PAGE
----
But, curiously, no sooner have Daar and Singer impressed on us that their 14 grand challenges are well chosen and paramount than they commit hara-kiri on them. In Chapter 3, the focus changes to non-infectious diseases—diabetes or cardiovascular disease, not malaria or HIV/AIDS. Such diseases, they correctly note, are rising quickly with affluence and already cause more death than infectious diseases, but were “ignored” in the 14 original grand challenges. Daar and Singer concede that this realization only dawned on them “as time passed,” and so, four years on, they midwived 20 more Grand Challenges in Chronic Non-Communicable Diseases. More recently, they spearheaded 25 new Grand Challenges in Global Mental Health.

Taking Daar and Singer at their word, would their project not be better called Grand Arbitrariness? The notion that the most timely, necessary, indeed grandest goals for global health undergo a revolution every couple of years is, obviously, risible. Moses’s grand challenges (a.k.a. the Ten Commandments) have lasted several millennia; Daar and Singer’s 14 original grand challenges barely lasted as long as a secondhand jalopy before dozens more appeared. Such constant renovation tears at one’s confidence; it makes the challenges seem not grand but whimsical, not serious science policy but reality TV (“Extreme Scientific Makeover!”). In the beginning, Daar and Singer stressed leanness. Grand challenges should aim at “one or preferably several significant health problems”—but that is less true now that there are bespoke challenges for infectious disease, non-infectious disease and mental health3. Could it be that the Grand Challenges project, having grown to 59 research priorities, has become so bloated that it is no longer useful in setting priorities?

Especially in their chapter on infectious diseases, Daar and Singer show themselves to be technophiles who dream of finding magic bullets against illness. But they are also impresarios, whose skillful convening and suave networking have propelled their stream of grand challenges into priorities for the scientific establishment. Theirs is an exercise of ambivalent value: beneficial when it lures new money into research on the neglected ailments of poor persons (as with Gates), but damaging when its vagaries destabilize judgement about which research is scientifically tractable and worthwhile. Great edifices need money to erect, it is true, but one cannot build on shifting sands either.

Anyway, finding magic bullets is neither a new nor original quest. The term was coined by the great biochemist Paul Ehrlich, a century ago (Zauberkugel, in German). Since then, magic bullets in the form of antibiotics, vaccines, insecticides and so forth have advanced human welfare very far—indeed, so far that the bewitched forget that bullets have their ballistic limits. Daar and Singer are immensely guilty of this, and while their paean to magic bulletism is at times moving, it is also dismally ideological and naive.

As a natural scientist (a biologist), I too am an ardent magic bulletist, but as a social scientist (a lawyer), I know that humanity’s foibles affect health too—and this latter truth Daar and Singer admit, but only as an afterthought to technology. Yet evidence shows the social fixes to ill health can, at times, be far more important than the technological ones.

Take measles: it was a great killer of children in Victorian England and Wales. One might think it was vanquished by the magic bullet of measles vaccine—but one would be pretty wrong. By the time measles vaccine debuted in the 1960s, fatalities had declined more than 90 percent due to improvements in British housing, hygiene and nutrition; the vaccine only mopped up. This is not to denigrate the vaccine, which is essential to interrupting measles transmission (proved when ignorant parents in Britain, and now Quebec, balked at vaccination: many children got sick; some died). But the history shows that magic bullets can be secondary to social fixes. When Daar, Singer and the Gates Foundation pinned almost half their original grand challenges on vaccinology, they were too ideological.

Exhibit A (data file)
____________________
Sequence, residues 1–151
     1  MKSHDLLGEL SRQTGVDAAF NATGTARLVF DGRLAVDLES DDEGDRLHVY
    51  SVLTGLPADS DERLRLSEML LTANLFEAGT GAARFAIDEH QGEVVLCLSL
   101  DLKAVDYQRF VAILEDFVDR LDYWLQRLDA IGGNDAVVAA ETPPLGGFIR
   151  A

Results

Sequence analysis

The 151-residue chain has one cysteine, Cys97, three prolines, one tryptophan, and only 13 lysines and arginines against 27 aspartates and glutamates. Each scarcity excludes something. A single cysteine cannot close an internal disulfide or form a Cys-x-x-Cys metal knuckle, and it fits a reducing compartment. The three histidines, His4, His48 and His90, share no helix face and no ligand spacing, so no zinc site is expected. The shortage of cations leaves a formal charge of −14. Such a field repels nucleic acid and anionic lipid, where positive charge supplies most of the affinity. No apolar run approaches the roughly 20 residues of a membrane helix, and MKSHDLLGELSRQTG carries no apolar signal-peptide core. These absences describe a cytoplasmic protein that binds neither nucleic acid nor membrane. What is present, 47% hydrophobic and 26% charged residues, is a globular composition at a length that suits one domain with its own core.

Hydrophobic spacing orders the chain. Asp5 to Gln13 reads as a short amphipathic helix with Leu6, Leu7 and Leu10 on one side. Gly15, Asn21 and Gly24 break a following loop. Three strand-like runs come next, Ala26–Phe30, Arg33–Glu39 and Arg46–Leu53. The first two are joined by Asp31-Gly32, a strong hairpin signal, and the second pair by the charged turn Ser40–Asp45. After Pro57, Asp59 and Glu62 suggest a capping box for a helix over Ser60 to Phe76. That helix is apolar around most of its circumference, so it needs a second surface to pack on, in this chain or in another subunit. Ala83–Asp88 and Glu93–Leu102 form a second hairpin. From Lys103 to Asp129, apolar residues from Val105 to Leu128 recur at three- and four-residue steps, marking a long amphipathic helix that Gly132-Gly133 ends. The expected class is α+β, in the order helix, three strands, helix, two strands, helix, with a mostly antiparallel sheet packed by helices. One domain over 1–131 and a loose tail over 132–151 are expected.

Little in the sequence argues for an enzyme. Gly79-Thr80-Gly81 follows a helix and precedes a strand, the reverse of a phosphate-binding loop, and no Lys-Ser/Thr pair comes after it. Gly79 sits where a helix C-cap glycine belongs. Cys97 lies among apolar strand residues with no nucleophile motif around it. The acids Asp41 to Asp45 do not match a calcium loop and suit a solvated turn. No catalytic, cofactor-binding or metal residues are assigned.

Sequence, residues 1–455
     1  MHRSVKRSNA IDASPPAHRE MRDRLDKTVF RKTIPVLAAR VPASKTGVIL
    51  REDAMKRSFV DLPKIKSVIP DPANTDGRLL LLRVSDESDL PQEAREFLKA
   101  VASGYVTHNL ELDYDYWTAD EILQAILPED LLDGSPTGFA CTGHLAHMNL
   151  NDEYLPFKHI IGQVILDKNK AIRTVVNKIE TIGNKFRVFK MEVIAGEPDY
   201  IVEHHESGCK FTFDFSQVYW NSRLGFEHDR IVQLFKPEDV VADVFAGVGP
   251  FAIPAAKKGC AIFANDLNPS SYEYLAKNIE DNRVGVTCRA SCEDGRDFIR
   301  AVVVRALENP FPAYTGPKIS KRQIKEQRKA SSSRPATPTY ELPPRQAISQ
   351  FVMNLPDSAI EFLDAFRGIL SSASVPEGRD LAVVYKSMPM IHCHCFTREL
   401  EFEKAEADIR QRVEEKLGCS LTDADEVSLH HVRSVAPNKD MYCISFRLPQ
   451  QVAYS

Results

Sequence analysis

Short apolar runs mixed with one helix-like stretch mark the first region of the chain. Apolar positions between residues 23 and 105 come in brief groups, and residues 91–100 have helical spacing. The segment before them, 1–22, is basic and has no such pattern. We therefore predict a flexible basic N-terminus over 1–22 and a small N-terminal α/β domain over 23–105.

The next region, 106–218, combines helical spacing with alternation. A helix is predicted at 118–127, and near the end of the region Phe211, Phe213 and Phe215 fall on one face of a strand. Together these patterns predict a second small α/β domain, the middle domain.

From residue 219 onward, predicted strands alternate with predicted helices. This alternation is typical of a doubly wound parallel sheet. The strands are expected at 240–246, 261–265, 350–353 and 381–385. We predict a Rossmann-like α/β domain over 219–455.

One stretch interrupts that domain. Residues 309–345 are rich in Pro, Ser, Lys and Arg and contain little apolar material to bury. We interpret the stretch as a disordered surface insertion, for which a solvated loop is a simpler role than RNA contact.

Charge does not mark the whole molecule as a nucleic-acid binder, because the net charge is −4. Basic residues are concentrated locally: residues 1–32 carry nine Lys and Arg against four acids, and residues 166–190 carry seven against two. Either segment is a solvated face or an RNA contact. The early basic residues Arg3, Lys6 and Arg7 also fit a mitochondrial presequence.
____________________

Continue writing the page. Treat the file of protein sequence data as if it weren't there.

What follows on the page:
Worse, Daar and Singer give short shrift to social interventions, although ironically those lie at the heart of their own Grand Challenges in Chronic Non-Communicable Diseases. Consider obesity. The authors acknowledge it leads to diabetes, heart attacks, strokes and more, but write that poor countries are “in no position to handle diseases like these” because they lack technology. That is nonsense: obesity and its constellation of diseases stem largely from societal changes, and technology is as much a cause as it is a cure. The historical evidence is unarguable: in contrast with the preceding 10,000 years of civilization, today’s societies are the first in which poor citizens are fatter than rich citizens—because it is now cheaper to eat greasy, cloying, salty, processed obesogenic junk than healthy foods. This reversal came about as humanity acquired, not shed, industrial technology at an unprecedented pace, and that affects even emerging countries. Thus, however much the argument rubs against the libertarian grain, including my own, avoiding obesity inevitably requires that healthy calories again become more affordable and accessible than unhealthy calories—which amounts to a challenge to reform laws and culture for better health. Doing so has saved innumerable lives before, from filthy slaughterhouses, deadly tobacco, unsafe workplaces, snake-oil medicaments, urban slums and open sewage. Therefore in a section on legal matters such as patents and privacy regarding genomic advances, when Daar and Singer dismissively write, “after all, what did legal issues have to do with the billion people living on a dollar a day, people who lacked the most basic health care, clean water or even adequate food,” their disdain is, characteristically, shockingly ahistorical4.  Just a couple of centuries ago nearly all of humanity suffered Hobbesian conditions scarcely better than “living on a dollar a day5.”It was reforms to society’s laws and culture, usually long before biomedical technology, that first elevated them.